At the same time the Hurricane wiped out the material base of the black working and middle classes, the Louisiana State legislature was working to gut the political influence of the black working and middle classes by firing every teacher and administrator in the New Orleans Public School system. As explained to me across many of my interviews, these are career paths that have traditionally bolstered the black middle class in New Orleans. All Americans have been affected by the retrenchment of the state and the cutting of civil servant jobs, but working and middle class Black people have been disproportionately affected by these cuts.

Between the interview and participant observation data, and the mapping that I did, I realize that at the core, my dissertation will be devoted to exploring the fundamentally antagonistic relationship between black people and the state. The Trayvon Martin situation, spending time at the Florida Capitol with the Dream Defenders and learning about the legislative rationales for racial profiling and the school to prison pipeline, seeing the movie Fruitvale Station, hearing the story about a 15 year old Black kid being denied a heart transplant because of his academic and disciplinary history, and talking to parents and even teachers who remarked that black students “change the culture” of high performing schools AND seeing the state move to protect high performing schools’ ability to ferret out poor and working class black children in an “open enrollment” system, makes it clear that there is a fundamental inability for many people in this country to see African Americans (particularly poor and working class ones) as human beings. With this humanity constantly being in question, there are no citizenship protections for poor and working class Black people in this country. In putting into conversation the work of Frantz Fanon and Frank Wilderson into my own work, I must recognize that this is our (black people’s) relation to the state – permanent, irreconcilable antagonism.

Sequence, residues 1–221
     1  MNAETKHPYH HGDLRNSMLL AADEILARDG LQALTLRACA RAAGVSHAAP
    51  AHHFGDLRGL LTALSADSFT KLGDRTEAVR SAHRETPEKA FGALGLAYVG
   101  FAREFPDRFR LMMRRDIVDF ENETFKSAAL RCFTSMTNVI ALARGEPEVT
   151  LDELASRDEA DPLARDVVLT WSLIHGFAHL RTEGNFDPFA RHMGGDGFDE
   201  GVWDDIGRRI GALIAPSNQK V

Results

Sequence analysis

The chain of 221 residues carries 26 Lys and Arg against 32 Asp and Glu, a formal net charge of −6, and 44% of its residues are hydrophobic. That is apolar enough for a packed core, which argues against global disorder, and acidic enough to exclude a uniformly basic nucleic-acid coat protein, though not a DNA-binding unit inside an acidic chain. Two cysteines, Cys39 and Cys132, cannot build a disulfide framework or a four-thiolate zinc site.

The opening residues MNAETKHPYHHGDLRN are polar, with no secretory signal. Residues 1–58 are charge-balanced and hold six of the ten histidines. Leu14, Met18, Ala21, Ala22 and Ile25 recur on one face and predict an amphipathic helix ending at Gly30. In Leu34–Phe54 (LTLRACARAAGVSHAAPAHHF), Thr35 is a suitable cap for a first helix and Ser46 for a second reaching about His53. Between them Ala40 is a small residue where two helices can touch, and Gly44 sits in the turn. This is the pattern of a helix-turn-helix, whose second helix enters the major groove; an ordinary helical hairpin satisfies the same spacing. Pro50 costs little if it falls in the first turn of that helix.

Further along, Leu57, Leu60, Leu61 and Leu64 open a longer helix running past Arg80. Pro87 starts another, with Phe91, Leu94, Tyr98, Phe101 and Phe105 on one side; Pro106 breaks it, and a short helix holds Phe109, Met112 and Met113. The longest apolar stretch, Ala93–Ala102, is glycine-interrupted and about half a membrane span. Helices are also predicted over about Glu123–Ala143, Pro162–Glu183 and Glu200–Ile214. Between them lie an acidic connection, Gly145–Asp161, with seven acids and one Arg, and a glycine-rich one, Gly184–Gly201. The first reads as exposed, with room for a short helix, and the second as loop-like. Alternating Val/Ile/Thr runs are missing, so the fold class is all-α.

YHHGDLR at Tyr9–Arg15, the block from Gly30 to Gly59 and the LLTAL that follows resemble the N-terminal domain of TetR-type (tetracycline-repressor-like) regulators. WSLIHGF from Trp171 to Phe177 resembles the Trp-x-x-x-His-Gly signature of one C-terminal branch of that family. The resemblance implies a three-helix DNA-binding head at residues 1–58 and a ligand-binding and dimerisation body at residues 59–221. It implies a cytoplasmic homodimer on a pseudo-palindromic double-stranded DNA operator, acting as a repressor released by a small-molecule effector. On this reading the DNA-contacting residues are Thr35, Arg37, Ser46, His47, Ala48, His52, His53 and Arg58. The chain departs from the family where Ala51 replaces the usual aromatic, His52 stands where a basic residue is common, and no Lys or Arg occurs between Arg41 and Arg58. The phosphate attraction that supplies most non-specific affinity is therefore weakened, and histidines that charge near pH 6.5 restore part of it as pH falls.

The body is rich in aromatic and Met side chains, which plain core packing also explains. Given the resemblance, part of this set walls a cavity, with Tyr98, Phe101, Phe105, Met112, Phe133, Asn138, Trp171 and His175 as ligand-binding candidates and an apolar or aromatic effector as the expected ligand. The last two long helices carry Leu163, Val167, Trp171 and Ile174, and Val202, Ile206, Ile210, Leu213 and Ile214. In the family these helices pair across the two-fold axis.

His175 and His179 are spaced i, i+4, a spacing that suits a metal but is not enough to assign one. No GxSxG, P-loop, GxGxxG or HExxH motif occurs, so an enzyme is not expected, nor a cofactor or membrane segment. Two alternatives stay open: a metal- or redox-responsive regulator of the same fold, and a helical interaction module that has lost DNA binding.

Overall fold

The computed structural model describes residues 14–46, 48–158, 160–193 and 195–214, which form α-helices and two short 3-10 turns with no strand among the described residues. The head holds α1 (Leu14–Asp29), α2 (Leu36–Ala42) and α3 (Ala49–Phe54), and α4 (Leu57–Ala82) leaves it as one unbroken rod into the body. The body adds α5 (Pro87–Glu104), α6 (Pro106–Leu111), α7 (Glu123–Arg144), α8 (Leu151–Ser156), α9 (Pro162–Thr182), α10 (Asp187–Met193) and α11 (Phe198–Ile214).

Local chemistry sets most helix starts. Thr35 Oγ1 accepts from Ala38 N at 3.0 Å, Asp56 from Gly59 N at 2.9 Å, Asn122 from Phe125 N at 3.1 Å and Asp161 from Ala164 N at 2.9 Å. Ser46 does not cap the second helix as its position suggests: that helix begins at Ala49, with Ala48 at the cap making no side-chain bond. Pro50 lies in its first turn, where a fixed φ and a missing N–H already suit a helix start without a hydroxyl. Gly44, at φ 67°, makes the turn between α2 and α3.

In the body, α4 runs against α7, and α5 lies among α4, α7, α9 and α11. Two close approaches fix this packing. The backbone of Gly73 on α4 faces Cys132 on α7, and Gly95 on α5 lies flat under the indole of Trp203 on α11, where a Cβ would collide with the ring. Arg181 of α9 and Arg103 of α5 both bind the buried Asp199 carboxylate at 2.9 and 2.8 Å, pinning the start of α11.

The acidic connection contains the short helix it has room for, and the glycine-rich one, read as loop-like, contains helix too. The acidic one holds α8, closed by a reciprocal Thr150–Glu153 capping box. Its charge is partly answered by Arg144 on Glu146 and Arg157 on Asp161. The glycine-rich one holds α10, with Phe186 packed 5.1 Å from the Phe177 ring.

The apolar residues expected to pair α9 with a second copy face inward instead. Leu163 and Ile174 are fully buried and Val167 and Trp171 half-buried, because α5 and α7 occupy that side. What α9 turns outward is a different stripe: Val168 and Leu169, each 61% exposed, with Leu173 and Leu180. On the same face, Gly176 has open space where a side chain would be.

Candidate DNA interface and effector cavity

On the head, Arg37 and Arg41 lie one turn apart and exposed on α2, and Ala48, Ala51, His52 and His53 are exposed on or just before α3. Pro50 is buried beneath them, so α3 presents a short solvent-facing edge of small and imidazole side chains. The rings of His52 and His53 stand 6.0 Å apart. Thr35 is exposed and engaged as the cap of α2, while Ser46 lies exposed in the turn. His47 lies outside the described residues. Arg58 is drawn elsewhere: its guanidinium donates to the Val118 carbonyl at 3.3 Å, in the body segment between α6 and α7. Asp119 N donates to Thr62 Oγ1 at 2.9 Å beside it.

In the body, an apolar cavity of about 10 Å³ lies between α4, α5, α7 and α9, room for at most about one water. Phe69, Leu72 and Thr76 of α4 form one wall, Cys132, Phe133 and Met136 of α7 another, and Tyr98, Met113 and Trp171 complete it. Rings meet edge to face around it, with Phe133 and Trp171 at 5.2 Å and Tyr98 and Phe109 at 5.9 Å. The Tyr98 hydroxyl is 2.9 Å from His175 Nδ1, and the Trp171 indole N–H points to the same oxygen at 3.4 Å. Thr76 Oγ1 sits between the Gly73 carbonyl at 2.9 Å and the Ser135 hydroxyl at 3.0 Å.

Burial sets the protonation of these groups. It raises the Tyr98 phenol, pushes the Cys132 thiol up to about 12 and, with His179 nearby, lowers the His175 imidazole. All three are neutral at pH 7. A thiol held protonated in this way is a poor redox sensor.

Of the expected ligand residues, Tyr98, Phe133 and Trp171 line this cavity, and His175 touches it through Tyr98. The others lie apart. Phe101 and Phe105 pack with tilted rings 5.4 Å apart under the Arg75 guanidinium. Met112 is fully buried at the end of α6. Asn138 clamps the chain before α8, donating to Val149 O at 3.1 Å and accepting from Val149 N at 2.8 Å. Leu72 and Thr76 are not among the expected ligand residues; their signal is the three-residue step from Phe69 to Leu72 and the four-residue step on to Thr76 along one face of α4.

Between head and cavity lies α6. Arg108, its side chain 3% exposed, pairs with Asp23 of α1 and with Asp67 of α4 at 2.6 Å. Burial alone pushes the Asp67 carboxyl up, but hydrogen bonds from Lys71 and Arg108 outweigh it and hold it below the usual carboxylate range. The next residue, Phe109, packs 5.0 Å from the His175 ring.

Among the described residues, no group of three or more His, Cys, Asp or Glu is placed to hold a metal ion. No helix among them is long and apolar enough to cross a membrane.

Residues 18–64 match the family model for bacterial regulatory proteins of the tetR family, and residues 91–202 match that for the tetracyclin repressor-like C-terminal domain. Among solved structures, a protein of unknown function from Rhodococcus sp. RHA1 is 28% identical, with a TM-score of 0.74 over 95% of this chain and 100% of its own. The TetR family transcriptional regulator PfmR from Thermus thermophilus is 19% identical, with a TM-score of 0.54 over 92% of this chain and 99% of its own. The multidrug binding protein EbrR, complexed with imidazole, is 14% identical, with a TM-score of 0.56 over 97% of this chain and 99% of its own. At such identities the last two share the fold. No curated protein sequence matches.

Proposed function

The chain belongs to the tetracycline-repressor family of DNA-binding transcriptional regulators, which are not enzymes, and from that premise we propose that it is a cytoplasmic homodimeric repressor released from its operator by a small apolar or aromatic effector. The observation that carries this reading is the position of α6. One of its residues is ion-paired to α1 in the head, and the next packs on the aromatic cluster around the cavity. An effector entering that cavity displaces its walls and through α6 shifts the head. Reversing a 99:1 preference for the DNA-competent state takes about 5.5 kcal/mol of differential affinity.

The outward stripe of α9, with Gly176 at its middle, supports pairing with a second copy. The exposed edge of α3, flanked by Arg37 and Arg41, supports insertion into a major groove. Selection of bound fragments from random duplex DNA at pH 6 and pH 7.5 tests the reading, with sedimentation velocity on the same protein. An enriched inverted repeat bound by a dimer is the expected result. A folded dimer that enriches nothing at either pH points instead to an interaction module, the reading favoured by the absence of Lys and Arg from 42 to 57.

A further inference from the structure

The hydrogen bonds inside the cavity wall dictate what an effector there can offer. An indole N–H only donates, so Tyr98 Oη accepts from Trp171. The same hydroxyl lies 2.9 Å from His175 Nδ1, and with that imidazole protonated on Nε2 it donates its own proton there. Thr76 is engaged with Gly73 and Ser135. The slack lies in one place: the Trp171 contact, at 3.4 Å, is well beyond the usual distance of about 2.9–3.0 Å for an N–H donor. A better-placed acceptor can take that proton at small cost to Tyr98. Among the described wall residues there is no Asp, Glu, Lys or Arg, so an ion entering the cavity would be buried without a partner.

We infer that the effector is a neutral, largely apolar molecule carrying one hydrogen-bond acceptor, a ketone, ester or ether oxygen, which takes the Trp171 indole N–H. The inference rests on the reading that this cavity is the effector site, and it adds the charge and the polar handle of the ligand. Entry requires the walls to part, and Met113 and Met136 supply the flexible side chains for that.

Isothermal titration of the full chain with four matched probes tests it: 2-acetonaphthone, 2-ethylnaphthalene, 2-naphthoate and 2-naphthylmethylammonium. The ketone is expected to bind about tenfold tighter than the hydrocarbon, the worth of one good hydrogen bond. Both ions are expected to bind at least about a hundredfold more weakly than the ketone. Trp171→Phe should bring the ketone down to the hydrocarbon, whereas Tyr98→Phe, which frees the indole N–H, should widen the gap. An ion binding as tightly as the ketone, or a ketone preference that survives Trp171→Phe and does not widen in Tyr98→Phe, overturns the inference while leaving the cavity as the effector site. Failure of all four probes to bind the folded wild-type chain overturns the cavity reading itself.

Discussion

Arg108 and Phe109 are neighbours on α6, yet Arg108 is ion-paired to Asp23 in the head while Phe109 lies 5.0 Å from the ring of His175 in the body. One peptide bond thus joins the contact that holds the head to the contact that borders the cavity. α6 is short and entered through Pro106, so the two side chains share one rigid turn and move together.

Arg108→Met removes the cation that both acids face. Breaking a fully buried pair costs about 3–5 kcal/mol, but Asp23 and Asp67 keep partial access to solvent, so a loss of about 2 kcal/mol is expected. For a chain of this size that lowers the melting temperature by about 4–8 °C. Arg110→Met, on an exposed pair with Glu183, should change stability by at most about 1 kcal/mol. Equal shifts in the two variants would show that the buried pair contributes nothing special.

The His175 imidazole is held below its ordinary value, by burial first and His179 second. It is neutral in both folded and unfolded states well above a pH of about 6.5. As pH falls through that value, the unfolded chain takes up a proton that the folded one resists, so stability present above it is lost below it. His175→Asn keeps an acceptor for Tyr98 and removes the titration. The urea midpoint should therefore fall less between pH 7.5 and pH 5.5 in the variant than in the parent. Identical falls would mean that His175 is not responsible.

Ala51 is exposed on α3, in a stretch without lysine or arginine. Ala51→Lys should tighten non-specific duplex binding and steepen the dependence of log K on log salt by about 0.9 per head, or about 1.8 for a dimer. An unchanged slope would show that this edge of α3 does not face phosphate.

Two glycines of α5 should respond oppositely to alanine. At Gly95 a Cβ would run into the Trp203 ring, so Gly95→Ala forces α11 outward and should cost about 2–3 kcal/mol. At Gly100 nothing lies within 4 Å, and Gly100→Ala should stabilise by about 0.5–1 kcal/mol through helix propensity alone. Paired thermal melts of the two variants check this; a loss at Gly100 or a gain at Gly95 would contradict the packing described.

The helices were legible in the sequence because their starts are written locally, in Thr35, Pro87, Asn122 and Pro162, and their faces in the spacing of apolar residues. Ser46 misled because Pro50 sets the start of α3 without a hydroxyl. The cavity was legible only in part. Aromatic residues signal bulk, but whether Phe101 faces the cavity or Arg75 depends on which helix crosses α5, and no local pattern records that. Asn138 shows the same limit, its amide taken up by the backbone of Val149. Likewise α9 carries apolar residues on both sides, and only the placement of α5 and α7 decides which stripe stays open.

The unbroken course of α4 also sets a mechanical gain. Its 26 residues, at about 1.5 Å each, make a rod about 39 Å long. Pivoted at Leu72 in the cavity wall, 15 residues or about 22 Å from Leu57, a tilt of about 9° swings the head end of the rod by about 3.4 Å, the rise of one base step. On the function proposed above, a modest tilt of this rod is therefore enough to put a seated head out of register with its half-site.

So as an anthropologist, I question many of the precepts of my discipline, as well as its ability to solve or address the question of antiblack racism. If anthropology moves in concert with a philosophy of a common “humanity” without coming to terms with the fact that at its core, this notion of “humanity” was designed specifically to exclude Black people, how can it ever address or analyze the material, symbolic, and structural realities of antiblack racism? Antiblack racism is encoded not only into the constitution of this country, but into the epistemology of the idea of “humanity” itself. Any study of institutional or cultural racism must recognize and accept this fact, I no longer see the utility of any analysis of “white privilege” or progressivist interventions that call for the state to “do more,” as if antiblack racism is merely socially constructed and can change by awareness campaigns. It is foundational to the state and reinforced culturally, politically, economically, and legally. The state is antiblack, and doing fieldwork in American public education crystallizes this reality for me. In seeing the geographies of injustice and antiblack racism in New Orleans, my goal is to move forward with my long-term fieldwork with a more targeted aim at exploring these questions, as well as the ways that school privatization schemes serve as an apparatus for the American penal regime.